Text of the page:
For anyone who closely followed the bursting of the real estate bubble and the ensuing foreclosure crisis after 2007, you likely know that there is a strong link between vacant properties and foreclosures in Illinois and throughout the country. When homeowners abandon properties because they cannot afford to make mortgage payments and those properties end up in foreclosure, other homes in the neighborhood can suffer, too. For example, if homeowners considering selling their house live in a neighborhood with numerous vacant properties, their home might also decline in market value due to the unsightliness of the vacancies. If those same homeowners need to sell their house because they cannot afford mortgage payments or have an underwater mortgage, the existence of those vacancies can be even more problematic.
Yet according to a recent article in Curbed, the overall rate of vacant properties in neighborhoods throughout the U.S. is on a continuous decline, particularly in a number of Midwestern areas. The fact that there are fewer vacant homes could be a good sign in terms of homeowners’ ability to avoid foreclosure.
Vacant Property and Zombie Foreclosure Rates Continue to Get Lower
Many properties that end up vacant—especially the ones that ultimately harm market values of other homes in the same neighborhood—might also be classified as “zombie” foreclosures. As you may recall from the days of the foreclosure crisis, a “zombie” foreclosure is a term to refer to a residential property that has been left vacant (or abandoned) by the homeowners after learning that the house is going into foreclosure. Few of those homeowners return to the property, but when foreclosures get canceled for one reason or another, the properties remain vacant and can enter various stages of disrepair.
According to the article, zombie foreclosures and vacancies have shown a steady decline in recent years, and that drop continues to occur. Even in the cities that still have some of the highest vacant property rates in the country, zombie foreclosures are not nearly as common as the used to be. The article cites data from an ATTOM Data Solutions report. That report indicates that about 1,530,563 single-family homes and condos in the U.S. were vacant as of the end of the third quarter of 2019. To put that figure another way, it represents about 1.6% of all single-family homes and condos. The number of properties in foreclosure was much lower, at 304,000. That number is 22% lower than it was at the same point of the year in 2016.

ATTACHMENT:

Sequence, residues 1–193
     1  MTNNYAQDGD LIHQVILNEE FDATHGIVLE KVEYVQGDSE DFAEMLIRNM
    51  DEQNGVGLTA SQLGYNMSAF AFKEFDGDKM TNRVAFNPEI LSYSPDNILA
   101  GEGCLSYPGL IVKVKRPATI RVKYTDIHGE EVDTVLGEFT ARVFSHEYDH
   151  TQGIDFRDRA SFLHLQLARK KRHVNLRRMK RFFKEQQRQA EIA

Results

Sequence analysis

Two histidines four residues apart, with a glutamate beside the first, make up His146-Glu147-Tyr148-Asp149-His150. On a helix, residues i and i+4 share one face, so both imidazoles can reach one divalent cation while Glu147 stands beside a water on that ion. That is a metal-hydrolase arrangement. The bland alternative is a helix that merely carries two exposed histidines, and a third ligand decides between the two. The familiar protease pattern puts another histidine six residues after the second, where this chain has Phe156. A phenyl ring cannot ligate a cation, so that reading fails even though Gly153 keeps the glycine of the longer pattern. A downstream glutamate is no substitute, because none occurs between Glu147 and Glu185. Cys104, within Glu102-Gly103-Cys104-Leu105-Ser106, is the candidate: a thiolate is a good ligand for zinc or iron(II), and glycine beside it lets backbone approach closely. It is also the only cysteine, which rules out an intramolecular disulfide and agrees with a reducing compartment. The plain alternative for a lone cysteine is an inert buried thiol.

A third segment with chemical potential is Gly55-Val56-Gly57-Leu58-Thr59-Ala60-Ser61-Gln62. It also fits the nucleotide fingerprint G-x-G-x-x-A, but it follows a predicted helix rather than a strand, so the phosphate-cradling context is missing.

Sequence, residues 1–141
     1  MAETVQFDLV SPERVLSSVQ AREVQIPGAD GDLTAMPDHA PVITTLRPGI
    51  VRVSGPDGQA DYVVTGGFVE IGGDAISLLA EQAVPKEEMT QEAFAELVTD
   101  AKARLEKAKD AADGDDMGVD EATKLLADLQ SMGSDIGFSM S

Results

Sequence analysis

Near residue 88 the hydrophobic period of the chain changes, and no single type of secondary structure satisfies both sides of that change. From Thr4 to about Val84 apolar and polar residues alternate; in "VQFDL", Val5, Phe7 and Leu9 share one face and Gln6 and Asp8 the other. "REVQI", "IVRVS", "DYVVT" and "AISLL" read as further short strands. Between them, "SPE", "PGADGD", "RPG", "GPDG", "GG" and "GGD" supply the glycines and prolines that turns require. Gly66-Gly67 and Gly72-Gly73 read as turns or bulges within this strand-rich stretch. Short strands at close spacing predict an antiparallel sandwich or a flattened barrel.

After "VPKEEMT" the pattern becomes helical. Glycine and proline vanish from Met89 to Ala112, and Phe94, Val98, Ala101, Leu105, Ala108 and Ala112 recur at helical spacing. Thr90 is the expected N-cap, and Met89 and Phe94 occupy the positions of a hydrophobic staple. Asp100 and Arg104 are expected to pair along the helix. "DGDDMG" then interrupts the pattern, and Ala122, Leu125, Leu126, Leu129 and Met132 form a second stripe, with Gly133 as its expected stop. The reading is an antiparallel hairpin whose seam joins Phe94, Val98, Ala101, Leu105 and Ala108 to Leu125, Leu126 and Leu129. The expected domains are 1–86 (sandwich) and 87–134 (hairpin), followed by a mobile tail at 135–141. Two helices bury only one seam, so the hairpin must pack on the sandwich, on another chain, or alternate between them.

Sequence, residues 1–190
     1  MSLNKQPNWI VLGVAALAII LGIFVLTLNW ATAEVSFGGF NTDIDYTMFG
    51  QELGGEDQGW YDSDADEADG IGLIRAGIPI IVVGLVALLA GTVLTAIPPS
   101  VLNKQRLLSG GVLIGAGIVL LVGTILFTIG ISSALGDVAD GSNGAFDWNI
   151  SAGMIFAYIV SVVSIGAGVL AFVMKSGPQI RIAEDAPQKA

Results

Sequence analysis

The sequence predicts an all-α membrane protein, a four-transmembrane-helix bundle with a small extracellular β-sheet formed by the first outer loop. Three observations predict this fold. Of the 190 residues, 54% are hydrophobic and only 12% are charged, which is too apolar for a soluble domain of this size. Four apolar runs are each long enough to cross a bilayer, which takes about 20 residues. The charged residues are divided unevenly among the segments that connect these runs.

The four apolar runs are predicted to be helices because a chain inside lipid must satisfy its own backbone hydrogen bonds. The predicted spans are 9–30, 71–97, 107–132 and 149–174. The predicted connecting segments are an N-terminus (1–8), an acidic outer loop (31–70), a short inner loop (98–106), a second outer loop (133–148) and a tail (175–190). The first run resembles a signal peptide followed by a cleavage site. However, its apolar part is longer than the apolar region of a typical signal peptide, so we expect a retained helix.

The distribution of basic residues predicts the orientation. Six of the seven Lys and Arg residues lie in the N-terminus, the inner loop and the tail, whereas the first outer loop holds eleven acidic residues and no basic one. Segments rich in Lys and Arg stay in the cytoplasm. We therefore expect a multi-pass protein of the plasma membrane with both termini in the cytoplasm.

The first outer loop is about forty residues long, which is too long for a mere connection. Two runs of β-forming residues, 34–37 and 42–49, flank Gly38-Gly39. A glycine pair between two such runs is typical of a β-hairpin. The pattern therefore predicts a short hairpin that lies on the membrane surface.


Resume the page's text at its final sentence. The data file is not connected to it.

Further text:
Even Midwestern Cities are Seeing Improvement
Midwestern cities in the U.S. were some of the hardest hit by zombie foreclosures and vacancies. Yet as the report makes clear, “there, too, the situation is starting to improve.” More homeowners are buying previously vacant properties because there are more people seeking out homes for purchase in general.
This is all good news because, as the report explains, the phenomenon of “hyper-vacancy,” in which many zombie foreclosures or vacancies exist, is “usually concentrated in areas that are losing jobs, investment, and economic opportunity.” If these areas are seeing more homebuyers and the blight associated with vacancies is slowly improving, it could be a sign of more economic stability in general and fewer families grappling with the threat of foreclosure.
Contact an Oak Park Foreclosure Defense Lawyer
If you have questions about the links between current real estate and foreclosure, or if you need help avoiding foreclosure, an experienced Oak Park foreclosure defense attorney at our firm can assist you. Contact the Emerson Law Firm today.
See Related Blog Posts:
Concerning Foreclosure Trends in the Chicago Area
Cook County Foreclosure Lawsuit Against Banks Continues